The amendment, from Rep. Denny Rehberg (R-Mont.), has been widely criticized by the FDA and others as something that would inappropriately limit the ability of FDA to ensure consumer safety. This led Rehberg to reconsider it, and he ultimately came around to support efforts to strike the language.
To get there, he worked with House Energy & Commerce Committee Chairman Fred Upton (R-Mich.), who formally objected to the language with the Rules Committee and said it amounts to an attempt to legislative on an appropriations bill. This led Rules to approve a rule that does not protect this section from a point of order, which is expected to be heard late Wednesday.
Rehberg Spokesman Jed Link said Rehberg would continue to work in other ways to improve the regulatory process at FDA. "Congressman Rehberg has been working with Chairman Upton to highlight his concerns about FDA's burdensome and unscientific regulations on Montana's ag community while avoiding any unintended consequences that could come through the appropriations process," he said.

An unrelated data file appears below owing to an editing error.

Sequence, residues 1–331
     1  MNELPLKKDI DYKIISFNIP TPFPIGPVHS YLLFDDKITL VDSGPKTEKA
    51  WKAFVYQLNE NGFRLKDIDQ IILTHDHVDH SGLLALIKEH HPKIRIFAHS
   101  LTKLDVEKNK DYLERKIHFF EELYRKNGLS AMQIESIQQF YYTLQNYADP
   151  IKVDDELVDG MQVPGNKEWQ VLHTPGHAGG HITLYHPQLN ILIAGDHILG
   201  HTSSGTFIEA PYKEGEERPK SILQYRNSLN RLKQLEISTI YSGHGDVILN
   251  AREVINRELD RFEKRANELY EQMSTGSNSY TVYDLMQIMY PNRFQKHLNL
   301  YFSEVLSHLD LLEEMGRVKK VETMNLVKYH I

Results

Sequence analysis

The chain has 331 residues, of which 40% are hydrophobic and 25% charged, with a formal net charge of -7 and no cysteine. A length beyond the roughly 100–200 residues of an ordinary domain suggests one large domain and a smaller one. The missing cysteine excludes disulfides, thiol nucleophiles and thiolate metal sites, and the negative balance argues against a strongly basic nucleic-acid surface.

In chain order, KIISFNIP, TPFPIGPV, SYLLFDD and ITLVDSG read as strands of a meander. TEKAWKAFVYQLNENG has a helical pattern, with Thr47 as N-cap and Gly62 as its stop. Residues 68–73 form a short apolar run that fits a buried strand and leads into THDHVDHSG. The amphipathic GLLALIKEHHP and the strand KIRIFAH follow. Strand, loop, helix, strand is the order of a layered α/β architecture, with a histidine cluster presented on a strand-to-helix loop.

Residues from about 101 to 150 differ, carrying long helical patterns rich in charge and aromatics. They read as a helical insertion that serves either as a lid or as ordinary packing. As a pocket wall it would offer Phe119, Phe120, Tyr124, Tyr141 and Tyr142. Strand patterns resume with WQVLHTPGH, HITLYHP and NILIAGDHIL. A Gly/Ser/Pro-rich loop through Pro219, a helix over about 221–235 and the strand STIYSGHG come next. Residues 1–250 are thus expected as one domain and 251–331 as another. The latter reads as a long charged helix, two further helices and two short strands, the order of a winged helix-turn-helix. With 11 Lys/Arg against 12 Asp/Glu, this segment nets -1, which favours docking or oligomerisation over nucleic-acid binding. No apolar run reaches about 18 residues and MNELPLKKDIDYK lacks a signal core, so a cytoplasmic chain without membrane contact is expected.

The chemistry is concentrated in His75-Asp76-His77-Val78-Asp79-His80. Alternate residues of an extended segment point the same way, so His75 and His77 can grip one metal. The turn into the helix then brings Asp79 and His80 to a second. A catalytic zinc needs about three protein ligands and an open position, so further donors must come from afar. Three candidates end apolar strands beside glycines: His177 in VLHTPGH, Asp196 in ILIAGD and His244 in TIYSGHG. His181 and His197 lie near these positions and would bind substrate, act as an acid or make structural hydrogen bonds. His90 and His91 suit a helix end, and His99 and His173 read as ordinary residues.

Three other sections of the bill were objected to by House Agriculture Committee Chairman Frank Lucas (R-Okla.), and thus are also exposed to points of order.
One would require the government to reduce cotton subsidies to offset payments being made to Brazil's cotton industry as the result of a trade dispute, and another would block farm subsidies to any farmer with income above $250,000. Both of these provisions came from Rep. Jeff Flake (R-Ariz.).
The third section, sponsored by Rep. Rosa DeLauro (D-Conn.), would prevent any funds from being used to make payments to Brazil.
DeLauro and other Democrats spoke in anger Tuesday afternoon about the Rules Committee decision on the Brazil payments. They said they expect the language to be stripped, which they added would likely take funds away from other needed programs.
The rule for the bill, H.R. 2112, was approved Tuesday afternoon, and members were preparing to begin debate on amendments in the late afternoon.
-- This story was updated at 3:57 p.m. Wednesday to include information about Rehberg's support for the decision to eliminate the FDA language. The earlier version of the story incorrectly implied that Rehberg did not support efforts to strike the language.